Over the Hill

Like Jimmy Paulding, I also lost a SLO County supervisor race by a handful of votes

Tribune columnist Phil Dirkx.
Tribune columnist Phil Dirkx. jjohnston@thetribunenews.com

I’ve never met Jimmy Paulding, but he and I have major disappointments in common. We have both lost elections for the county Board of Supervisors by razor-thin margins.

Paulding lost his bid for the South County District 4 seat. I lost my bid for the North County District 1 seat. The difference was he suffered his defeat on the fifth of this month, while I suffered mine in November of 1980.

Paulding lost to incumbent county Supervisor Lynn Compton, by just 60 votes out of the 18,324 counted. I lost to Jerry Diefenderfer by 56 votes out of 15,436.

I’m confident Mr. Paulding will easily recover from his defeat. He is a well-educated lawyer who is also experienced in the planning and management of major construction projects. Those also seem like good qualifications for a county supervisor. Maybe he’ll run again in four years.

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My situation was different. I didn’t have a job. For the 12 years prior to my election attempt, I had been news director for KPRL Radio in Paso Robles. But, if I’d kept that job while running for election, it would have been an obvious conflict of interest. So I quit my radio job. How was that for overconfidence?

Fortunately I had friends at the Telegram-Tribune (as this paper was then called). So after losing the election, I went to work for this paper doing what I enjoy doing: collecting and reporting news. I did that until 1993, when my late wife, Mamie, wanted to retire. We both retired, but as you can see, the Tribune has had a hard time getting rid of me.

So please don’t just complain. Run for the school board or city council or something. Your work, business and parenting experiences have developed your leadership skills. That’s what local government needs. Just a few people can make a big difference.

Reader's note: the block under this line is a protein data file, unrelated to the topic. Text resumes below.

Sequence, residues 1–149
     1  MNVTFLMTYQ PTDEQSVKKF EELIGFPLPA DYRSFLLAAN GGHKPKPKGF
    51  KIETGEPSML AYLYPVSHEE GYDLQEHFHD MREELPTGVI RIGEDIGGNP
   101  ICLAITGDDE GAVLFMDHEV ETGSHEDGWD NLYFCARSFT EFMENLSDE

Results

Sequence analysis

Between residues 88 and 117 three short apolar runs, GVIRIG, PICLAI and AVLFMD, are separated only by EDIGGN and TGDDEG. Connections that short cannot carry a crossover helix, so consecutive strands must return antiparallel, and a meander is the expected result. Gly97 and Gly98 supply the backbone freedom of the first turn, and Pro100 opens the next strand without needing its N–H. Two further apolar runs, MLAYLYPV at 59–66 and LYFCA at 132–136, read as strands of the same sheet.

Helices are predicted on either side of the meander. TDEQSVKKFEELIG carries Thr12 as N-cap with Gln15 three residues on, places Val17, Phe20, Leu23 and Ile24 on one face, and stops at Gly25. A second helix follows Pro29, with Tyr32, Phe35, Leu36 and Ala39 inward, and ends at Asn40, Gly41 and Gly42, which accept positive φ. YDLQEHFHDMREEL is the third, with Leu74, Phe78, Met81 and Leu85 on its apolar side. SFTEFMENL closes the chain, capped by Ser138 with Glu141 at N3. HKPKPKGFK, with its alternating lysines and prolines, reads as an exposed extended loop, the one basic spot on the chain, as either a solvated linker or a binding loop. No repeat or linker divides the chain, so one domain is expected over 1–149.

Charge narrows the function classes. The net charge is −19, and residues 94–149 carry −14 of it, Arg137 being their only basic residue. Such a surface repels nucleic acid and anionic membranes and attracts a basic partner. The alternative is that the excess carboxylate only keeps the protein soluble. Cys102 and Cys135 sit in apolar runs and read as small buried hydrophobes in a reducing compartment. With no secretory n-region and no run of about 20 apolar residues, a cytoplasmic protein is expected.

A great example of that is Barney Schwartz. In 1949 he and his brother Dale came to Paso and bought radio station KPRL. They and their mother and a sister lived in the house behind the station. They worked long hours, and the station became an everyday part of Paso Robles life. It succeeded.

Then after several years, Barney and Dale led the development of the Paso Robles Golf and Country Club, and its connected residential development. They operated that from 1960 to 1972 and sold KPRL in 1961. Also in 1962, Barney and Dale were elected to the Paso Robles City Council.

For the next 20 years, Barney Schwartz was mayor of Paso Robles. Once a week over KPRL, he’d broadcast his “Mayor’s Report.” Then in 1982, he didn’t seek reelection. He was diagnosed with lung cancer and died on Sept. 25. But he showed that a local elected leader can make big differences.

During Barney’s 20 years as mayor, Paso Robles grew from 3.6 square miles to 11.44 square miles. It now covers about 20 square miles. Its population went from 6,700 in 1960, to 9,200 to in 1980, to 18,600 in 1990, to around 30,500 now.

If you want to make a difference, run for office.

Phil Dirkx’s column is special to the Tribune. He has lived in Paso Robles for more than five decades and his column appears every other week. Reach Dirkx at 805-238-2372 or phild2008@sbcglobal.net.


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